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Title: The ‘artifex’: Synergies between engineering and the humanities
Authors: Strongman, Luke, Dr.
???metadata.dc.contributor.url???: Luke.Strongman@OpenPolytechnic.ac.nz
Keywords: Engineering;Humanities;Science and technology;International Conference on the Roles of Humanities and Social Science in Engineering (ICoHSE 2010);Social sciences
Issue Date: 12-Nov-2010
Publisher: Universiti Malaysia Perlis (UniMAP)
???metadata.dc.publisher.department???: Centre for Communication Skills and Entrepreneurship
Series/Report no.: Proceedings of the International Conference on the Roles of the Humanities and Social Sciences in Engineering 2010 (ICoHSE 2010)
Abstract: Recent critical focus on the anthropogenic arguments regarding the threats to the sustainability of biosphere highlight the role of engineering in maintaining the structural integrity of the human environment. However, the discipline of engineering is not without larger contextual and methodological problems that tend to undermine the perception of its benefit to society. These include tendencies towards utilitarianism, the irreconcilability of means vs. ends rationale, and the potential for difference-blind solutions to technical problems which ignore the possible harmful effects on the environment which extend beyond in-built cost-benefit analyses. This paper intends to reconcile scientific and humanistic views through a philosophical inquiry and argues that engineering is informed by a context that requires a counter-balancing perspective which accommodates holism, environmental compatibility, lateral and longer-term thinking as well as awareness of humanity, culture and society. Inclusion of humanities subjects within the engineering curriculum positively underscores human factors in technological problems and solutions and equips engineers with a cultural vocabulary and understanding. The argument will be made that a relationship between the humanities and engineering that resembles the Renaissance concept of the ‘artifex’ (or the attempt to harmonise the human and the technological) is both necessary and desirable for the enhancement, understanding and development of both disciplines. Furthermore, this paper demonstrates ways in which basic philosophical principles can contribute to critical thinking within the engineering discipline. This paper uses three humanities texts, Max Frisch’s Homo Faber (1959), Don de Lillo’s The Body Artist (2001), and the film Contact (1997) based on Carl Sagan’s book (1985) to problematise issues of technology and humanism and to explore the relationship of engineering to the humanities.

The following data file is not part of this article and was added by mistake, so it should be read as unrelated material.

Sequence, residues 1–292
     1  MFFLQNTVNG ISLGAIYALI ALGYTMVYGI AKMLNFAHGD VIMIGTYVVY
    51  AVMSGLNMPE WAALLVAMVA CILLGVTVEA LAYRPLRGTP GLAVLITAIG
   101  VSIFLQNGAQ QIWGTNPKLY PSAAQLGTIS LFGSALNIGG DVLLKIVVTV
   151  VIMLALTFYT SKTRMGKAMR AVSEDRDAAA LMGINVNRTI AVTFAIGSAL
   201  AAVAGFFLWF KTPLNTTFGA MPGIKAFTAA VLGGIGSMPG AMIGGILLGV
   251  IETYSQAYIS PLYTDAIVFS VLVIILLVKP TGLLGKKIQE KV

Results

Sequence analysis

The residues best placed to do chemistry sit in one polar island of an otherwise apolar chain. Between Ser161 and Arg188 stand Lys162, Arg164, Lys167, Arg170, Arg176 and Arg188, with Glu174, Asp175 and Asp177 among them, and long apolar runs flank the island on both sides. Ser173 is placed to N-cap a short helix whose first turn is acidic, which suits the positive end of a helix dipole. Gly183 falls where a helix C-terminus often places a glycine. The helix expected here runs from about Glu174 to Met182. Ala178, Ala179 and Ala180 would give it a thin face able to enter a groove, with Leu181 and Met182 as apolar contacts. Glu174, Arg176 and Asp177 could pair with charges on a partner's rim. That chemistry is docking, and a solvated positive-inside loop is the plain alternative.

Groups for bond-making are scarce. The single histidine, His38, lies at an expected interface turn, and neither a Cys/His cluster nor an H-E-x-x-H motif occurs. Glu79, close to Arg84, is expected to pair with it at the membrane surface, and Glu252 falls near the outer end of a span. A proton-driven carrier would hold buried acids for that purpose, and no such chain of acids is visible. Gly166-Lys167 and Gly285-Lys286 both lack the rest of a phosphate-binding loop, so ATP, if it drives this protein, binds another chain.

Description: The 2nd International Conference on the Roles of Humanities and Social Science in Engineering (ICoHSE 2010) organized by Universiti Malaysia Perlis (UniMAP), 12th - 14th November 2010 at Bayview Beach Resort, Penang, Malaysia.
URI: http://hdl.handle.net/123456789/11514
Appears in Collections:Conference Papers

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